5 Steps to Evaluate Alternative Medications by Rosanne Gephart, MSN, NP, CNM

 

Adults in the United States spend more than $26 billion on dietary supplements each year. The number of families adding “supplements” to their diets is even higher in California. There are supplements for children, pregnant and breastfeeding women, and even our pets! The internet is full of web pages, informational YouTube lectures, and people in white coats with stethoscopes around their necks all declaring their product to be safe and effective. If you consult a typical medical doctor you will get recommendations for the FDA approved medications, but often little else unless they have had specific training in diet therapy and the use of supplements.

What is the next step?

First, realize there are benefits and risks for all medications, herbal remedies, and supplements. The combination of all of these, including items in you diet, can be harmful even when they have worked well for your friends and family. Your body is unique. Knowing how you have responded to medications or supplements in the past is paramount, as is knowing what current medications you are on and how they may interact with each other.

Second, your body is designed to work with a variety of foods and liquids. Massive doses of any one food or supplement can overwhelm the usual mechanisms for the elimination of toxins and wastes. You kidneys and your liver work hard to achieve balance in your body. If you overwhelm these organs, the back up of the toxins in your system can cause non-repairable damage.

Third, if you want to try a specific remedy, research it first. Look at dose (strength and frequency), side effects (both short and long term). Ask yourself these questions:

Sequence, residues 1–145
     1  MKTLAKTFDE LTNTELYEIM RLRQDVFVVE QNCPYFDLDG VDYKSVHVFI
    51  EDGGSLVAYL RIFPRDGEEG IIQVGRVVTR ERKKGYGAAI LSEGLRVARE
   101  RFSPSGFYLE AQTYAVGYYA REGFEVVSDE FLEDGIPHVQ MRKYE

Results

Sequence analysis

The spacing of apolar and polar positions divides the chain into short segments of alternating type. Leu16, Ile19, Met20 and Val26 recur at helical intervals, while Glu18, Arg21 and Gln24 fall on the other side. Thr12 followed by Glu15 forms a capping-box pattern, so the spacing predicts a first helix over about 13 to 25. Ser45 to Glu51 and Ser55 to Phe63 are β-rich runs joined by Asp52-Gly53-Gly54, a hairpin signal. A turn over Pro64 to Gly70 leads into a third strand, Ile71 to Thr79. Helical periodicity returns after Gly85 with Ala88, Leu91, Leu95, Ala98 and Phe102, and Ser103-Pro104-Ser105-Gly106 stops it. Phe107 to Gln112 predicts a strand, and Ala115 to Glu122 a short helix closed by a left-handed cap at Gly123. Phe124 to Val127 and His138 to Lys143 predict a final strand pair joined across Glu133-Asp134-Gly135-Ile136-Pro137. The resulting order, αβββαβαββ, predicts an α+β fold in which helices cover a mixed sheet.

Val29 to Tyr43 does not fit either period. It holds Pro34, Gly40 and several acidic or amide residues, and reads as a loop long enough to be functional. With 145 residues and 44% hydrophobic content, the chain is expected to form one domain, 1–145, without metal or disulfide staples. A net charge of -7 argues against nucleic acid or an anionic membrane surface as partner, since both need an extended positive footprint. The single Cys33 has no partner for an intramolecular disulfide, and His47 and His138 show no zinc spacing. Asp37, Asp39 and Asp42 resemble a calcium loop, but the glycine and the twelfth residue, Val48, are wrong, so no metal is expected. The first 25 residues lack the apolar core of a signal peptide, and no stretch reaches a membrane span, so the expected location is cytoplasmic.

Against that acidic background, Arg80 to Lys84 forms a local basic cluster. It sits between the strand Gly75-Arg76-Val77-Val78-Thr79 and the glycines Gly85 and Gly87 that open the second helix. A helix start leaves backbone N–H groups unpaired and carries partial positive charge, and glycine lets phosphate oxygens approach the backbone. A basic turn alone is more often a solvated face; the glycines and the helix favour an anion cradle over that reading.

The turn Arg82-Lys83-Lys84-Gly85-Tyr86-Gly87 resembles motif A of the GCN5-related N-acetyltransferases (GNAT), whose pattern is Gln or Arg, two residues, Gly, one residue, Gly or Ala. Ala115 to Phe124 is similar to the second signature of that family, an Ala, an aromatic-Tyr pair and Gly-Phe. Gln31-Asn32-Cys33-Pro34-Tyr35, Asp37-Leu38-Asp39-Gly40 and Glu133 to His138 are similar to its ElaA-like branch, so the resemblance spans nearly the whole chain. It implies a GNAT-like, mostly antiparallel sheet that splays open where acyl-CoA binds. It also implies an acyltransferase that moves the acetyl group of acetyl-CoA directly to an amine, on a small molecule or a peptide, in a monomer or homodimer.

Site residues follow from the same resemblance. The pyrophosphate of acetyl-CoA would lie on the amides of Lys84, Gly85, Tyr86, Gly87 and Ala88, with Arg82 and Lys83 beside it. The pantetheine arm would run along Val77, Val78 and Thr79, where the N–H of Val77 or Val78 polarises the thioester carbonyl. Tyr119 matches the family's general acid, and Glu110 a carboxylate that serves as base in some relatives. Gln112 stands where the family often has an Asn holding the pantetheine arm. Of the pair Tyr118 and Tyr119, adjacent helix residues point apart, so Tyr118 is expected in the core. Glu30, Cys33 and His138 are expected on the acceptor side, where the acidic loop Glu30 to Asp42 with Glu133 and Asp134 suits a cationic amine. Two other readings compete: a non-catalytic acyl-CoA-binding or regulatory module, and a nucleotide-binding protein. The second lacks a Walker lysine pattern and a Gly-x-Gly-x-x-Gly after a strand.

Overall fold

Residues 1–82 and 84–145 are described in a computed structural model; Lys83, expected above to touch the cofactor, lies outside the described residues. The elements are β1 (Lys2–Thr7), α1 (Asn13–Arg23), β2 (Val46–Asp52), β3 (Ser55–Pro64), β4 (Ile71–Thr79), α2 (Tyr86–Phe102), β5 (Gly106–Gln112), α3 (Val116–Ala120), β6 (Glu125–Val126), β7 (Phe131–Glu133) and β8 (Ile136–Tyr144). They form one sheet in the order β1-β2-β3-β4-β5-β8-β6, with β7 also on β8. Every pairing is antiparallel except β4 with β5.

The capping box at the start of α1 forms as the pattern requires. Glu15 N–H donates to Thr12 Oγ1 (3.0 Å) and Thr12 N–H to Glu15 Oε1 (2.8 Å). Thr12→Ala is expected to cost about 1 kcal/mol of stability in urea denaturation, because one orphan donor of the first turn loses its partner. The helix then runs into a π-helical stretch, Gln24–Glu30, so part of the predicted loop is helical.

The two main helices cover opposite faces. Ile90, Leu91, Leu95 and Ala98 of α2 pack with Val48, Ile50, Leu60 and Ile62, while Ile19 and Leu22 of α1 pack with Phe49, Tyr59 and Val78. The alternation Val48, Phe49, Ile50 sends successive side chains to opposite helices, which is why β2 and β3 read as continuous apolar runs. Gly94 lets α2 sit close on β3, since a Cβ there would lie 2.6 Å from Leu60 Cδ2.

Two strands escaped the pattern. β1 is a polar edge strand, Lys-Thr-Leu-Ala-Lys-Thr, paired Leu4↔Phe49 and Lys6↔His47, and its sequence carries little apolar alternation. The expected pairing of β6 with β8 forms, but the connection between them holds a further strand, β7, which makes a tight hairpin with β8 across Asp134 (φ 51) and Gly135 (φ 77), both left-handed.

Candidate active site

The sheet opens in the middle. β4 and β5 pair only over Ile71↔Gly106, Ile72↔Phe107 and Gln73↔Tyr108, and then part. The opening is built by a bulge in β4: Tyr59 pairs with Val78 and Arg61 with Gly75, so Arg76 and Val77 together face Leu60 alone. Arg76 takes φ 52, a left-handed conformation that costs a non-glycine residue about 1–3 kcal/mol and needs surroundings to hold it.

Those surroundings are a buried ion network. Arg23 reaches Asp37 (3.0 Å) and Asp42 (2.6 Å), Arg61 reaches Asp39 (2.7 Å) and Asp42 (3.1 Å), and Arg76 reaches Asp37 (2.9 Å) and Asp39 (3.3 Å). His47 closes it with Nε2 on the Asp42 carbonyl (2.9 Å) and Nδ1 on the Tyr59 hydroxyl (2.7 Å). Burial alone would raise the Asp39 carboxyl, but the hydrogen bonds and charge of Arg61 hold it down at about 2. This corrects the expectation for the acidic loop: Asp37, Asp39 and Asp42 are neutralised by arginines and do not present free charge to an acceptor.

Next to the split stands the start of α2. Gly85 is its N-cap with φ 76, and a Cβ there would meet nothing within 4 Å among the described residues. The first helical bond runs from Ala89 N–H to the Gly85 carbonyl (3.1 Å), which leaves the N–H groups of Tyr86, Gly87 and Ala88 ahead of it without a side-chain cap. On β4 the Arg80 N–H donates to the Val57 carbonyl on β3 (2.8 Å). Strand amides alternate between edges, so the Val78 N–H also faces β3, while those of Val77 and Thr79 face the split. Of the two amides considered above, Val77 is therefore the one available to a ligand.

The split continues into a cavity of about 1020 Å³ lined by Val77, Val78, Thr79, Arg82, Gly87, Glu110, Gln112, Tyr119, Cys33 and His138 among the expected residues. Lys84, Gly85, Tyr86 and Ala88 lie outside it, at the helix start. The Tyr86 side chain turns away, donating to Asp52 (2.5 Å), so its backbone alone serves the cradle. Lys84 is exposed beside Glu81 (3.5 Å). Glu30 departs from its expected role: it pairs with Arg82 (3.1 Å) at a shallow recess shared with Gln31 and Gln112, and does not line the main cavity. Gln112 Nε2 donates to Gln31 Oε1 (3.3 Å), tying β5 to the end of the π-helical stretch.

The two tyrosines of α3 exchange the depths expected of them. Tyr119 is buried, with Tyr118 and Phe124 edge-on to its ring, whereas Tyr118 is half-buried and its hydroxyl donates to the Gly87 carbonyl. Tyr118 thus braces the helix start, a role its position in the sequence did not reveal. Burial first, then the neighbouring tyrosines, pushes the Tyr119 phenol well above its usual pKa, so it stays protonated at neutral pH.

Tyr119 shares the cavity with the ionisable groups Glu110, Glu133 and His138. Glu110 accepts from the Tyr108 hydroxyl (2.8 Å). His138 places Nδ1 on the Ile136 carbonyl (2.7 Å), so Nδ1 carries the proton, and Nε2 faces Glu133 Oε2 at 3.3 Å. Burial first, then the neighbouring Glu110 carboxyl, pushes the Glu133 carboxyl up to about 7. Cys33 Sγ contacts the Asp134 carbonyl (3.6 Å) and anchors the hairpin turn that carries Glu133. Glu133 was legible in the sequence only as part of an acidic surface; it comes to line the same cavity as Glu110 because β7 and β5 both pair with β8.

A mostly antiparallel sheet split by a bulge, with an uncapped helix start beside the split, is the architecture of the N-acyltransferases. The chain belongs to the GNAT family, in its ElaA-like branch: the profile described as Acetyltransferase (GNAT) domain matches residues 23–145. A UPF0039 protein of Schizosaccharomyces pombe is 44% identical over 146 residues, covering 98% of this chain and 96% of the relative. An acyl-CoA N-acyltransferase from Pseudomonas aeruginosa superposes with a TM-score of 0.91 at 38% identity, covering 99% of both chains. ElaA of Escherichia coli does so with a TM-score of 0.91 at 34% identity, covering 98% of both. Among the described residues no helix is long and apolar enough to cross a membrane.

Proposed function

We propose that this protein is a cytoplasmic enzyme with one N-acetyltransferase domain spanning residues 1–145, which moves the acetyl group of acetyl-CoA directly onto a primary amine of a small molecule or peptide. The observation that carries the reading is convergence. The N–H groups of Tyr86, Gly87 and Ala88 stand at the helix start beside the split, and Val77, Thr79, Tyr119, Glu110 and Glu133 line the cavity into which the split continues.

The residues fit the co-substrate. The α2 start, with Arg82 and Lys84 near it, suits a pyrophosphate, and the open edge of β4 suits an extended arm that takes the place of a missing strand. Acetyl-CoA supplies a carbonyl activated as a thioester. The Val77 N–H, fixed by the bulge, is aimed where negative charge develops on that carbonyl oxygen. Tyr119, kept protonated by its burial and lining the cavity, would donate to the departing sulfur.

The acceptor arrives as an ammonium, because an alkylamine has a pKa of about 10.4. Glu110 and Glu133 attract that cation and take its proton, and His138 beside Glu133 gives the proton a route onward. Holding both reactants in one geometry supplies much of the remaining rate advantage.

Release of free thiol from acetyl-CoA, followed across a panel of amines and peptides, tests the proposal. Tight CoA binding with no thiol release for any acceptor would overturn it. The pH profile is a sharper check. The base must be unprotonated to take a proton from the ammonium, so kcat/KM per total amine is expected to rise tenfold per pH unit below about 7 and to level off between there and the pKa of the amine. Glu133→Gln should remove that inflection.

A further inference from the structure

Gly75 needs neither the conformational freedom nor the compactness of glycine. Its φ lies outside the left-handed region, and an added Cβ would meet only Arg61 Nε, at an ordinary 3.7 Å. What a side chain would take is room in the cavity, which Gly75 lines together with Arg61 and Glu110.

**Has this been studied? By whom? Recently? Do I know of any professional health care provider who recommends this treatment?

**Do I have any health care conditions that might make this more dangerous to use?

**Can this remedy be purchased from a reputable source?

**What are the benefits and risks?

Lastly, let your physician, family and friends know when you start a complementary or alternative medication or remedy. They can help you monitor for side effects that you may have not been aware of.

By: Rosanne Gephart MSN, NP, CNM

Resources:

Consumer Lab (www.consumerlab.com) Provides independent test results and information to help consumers and health professionals identify the highest quality health and nutrition products.

Medline Plus: Herbals and Supplements (www.nlm.nih.gov/medlineplus/druginfo/herbal_all.html) Allows physicians and consumers to research dietary supplements and herbal remedies for effectiveness, dosage and interactions with medications.

National Center for Complementary and Alternative Medicine (http://nccam.nih.gov) Provides information on common alternative therapies, training and research resources.

National Institute of Health, Office of Dietary Supplements (http:dietary-supplements.info.nih.gov) Provides information about Health conditions and alternative therapies, including herbs and dietary supplements.

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